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Israeli, Palestinian Leaders Reach Cease-Fire Agreement


Palestinians and Israelis announced Tuesday an agreement to end more than four years of bloodshed that have resulted in thousands of deaths. The announcement is seen as a major confidence building move that could pave the way for more substantive peace negotiations.

Israeli Prime Minister Ariel Sharon and Palestinian leader Mahmud Abbas announced an agreement Tuesday to end all hostilities associated with the Palestinian Intifada that began in September 2000.

Meeting in the Egyptian Red Sea Resort of Sharm el-Sheikh for a one-day summit hosted by Egyptian President Hosni Mubarak, Mr. Abbas pledged that all acts of violence against Israel would end immediately. Mr. Sharon promised that Israeli military operations would end in all Palestinian locations.

Mr. Abbas called the agreement a new opportunity for both the Palestinians and Israelis to renew their hope for peace. His words were translated by an interpreter provided by the Palestinians.

"What we have announced today, in addition to being the implementation of the first article of the road map that was established by the quartet, it is also a basic step an important step that provides a new opportunity for restoring the peace process and its momentum so that the Palestinian and Israeli peoples restore hope and confidence in the possibility for achieving peacem,” said Mr Abbas.

Mr. Sharon urged Israelis and Palestinians not to allow this opportunity for peace to slip away. Over the past four years, ten cease-fire agreements have been reached. All of them failed to last. Tuesday, Mr. Sharon called on both sides to wipe out acts of terror. His words were translated through an interpreter provided by Israel.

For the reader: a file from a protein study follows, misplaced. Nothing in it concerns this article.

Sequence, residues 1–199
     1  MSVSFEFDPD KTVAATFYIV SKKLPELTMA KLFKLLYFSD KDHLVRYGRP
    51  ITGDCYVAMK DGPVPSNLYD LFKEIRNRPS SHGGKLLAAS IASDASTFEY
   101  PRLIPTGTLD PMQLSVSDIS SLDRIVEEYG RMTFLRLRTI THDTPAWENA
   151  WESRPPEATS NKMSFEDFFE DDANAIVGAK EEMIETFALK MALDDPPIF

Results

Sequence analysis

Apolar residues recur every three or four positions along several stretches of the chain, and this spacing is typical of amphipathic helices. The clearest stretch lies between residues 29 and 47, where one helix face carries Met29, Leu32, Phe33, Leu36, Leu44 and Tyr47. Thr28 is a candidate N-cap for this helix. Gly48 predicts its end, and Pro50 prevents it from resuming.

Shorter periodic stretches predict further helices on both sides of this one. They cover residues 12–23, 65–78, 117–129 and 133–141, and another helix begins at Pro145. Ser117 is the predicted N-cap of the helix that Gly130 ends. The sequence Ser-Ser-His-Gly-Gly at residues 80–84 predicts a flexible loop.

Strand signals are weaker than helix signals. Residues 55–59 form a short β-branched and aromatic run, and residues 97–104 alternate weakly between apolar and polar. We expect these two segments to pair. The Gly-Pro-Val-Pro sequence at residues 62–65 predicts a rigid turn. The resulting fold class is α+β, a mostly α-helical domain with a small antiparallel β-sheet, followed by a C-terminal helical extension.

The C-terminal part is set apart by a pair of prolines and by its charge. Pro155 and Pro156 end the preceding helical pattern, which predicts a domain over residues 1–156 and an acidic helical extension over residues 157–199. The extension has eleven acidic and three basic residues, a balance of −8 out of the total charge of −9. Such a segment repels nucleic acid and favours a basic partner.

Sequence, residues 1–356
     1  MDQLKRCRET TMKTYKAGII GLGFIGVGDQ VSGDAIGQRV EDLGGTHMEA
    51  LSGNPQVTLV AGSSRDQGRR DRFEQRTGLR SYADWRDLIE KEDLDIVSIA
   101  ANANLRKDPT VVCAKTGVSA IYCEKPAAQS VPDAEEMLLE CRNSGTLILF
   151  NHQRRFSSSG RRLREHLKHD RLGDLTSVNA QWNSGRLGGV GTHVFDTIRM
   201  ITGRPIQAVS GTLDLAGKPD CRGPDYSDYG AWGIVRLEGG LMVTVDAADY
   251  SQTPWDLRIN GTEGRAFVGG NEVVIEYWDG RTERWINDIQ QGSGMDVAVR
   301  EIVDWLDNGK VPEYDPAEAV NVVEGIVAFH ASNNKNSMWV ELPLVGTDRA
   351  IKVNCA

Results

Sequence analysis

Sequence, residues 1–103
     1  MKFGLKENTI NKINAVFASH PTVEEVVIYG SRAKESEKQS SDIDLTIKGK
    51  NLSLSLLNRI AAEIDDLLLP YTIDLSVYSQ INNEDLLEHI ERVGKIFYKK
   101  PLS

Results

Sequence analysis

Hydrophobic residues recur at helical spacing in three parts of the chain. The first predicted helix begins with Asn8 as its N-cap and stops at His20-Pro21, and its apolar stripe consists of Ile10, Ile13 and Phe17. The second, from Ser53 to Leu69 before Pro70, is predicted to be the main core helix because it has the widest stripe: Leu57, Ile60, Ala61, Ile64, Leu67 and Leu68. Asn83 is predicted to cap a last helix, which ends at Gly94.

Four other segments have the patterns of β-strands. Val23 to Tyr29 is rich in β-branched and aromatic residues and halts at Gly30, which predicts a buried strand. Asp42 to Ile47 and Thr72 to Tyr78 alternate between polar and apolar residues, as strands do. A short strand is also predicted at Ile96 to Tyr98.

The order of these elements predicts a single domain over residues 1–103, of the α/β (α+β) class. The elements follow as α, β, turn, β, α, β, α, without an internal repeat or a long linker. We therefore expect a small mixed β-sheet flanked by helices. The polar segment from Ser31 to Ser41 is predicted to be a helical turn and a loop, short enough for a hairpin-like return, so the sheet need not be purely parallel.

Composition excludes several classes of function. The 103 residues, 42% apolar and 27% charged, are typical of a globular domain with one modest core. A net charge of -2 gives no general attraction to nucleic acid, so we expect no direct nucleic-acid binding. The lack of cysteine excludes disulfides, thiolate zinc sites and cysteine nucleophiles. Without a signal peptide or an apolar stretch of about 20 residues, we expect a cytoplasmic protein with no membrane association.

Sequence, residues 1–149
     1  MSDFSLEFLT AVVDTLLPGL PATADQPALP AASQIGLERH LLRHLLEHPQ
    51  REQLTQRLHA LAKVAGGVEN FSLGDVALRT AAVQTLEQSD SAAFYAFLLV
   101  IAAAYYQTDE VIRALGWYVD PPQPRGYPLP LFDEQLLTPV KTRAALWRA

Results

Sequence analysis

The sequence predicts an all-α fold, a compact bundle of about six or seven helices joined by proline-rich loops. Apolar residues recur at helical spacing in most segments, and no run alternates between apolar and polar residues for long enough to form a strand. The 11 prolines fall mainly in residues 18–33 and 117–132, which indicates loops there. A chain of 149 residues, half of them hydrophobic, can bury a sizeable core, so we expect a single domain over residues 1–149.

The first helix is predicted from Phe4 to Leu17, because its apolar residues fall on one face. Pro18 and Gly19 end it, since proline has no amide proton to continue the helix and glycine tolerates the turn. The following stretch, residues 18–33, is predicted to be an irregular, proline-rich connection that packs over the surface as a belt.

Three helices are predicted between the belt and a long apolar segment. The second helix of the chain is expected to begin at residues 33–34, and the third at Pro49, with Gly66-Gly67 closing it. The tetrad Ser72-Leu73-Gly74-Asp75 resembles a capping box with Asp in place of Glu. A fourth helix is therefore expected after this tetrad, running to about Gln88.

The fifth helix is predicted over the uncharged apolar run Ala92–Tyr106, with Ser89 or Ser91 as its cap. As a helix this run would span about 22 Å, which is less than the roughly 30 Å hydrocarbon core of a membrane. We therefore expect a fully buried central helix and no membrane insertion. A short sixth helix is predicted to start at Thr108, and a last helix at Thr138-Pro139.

"We must all work unceasingly and indefatigably to break down the terrorist mechanism once and for all,” said Mr. Sharon. “It is only by away with violence that we will be able to give hope to peace. We must not allow this opportunity to slip from our fingers, this hope this opportunity for a genuine new start."

Mr. Sharon said deeds, not words, would move the peace process forward. After the summit, a spokesman for the Palestinian faction Hamas said it was not bound by the cease-fire agreement.

In closing his remarks, Mr. Sharon said Palestinians and Israelis will have to give up some of their dreams in order to achieve a two state solution, with Palestinians and Israelis living side by side in peace.

The summit also produced an agreement by Israel to form committees to deal with the issues of Palestinian prisoners, the redeployment of Israeli troops and Palestinian fugitives. Israel had already announced plans to free 900 of 8000 Palestinian prisoners, pull back its troops and end assassinations of Palestinian fugitives.

Even so, Mr. Abbas noted that many unresolved issues remain, including the release of Palestinian prisoners, the separation fence being built by Israel and the dismantling of Israeli settlements in Gaza and the West Bank. Mr. Sharon said Tuesday he remains committed to the withdrawal of all settlements in Gaza.

The summit occurred following weeks of intense negotiations between both sides. President Mubarak of Egypt and King Abdullah of Jordan, who also attended the summit, reportedly played significant roles in bringing the two sides together. At the conclusion of the summit, it was announced that Egypt and Jordan would return their embassy staff to Israel. Both countries had recalled their ambassadors in protest over Israeli military operations in the Palestinian Occupied Territories.

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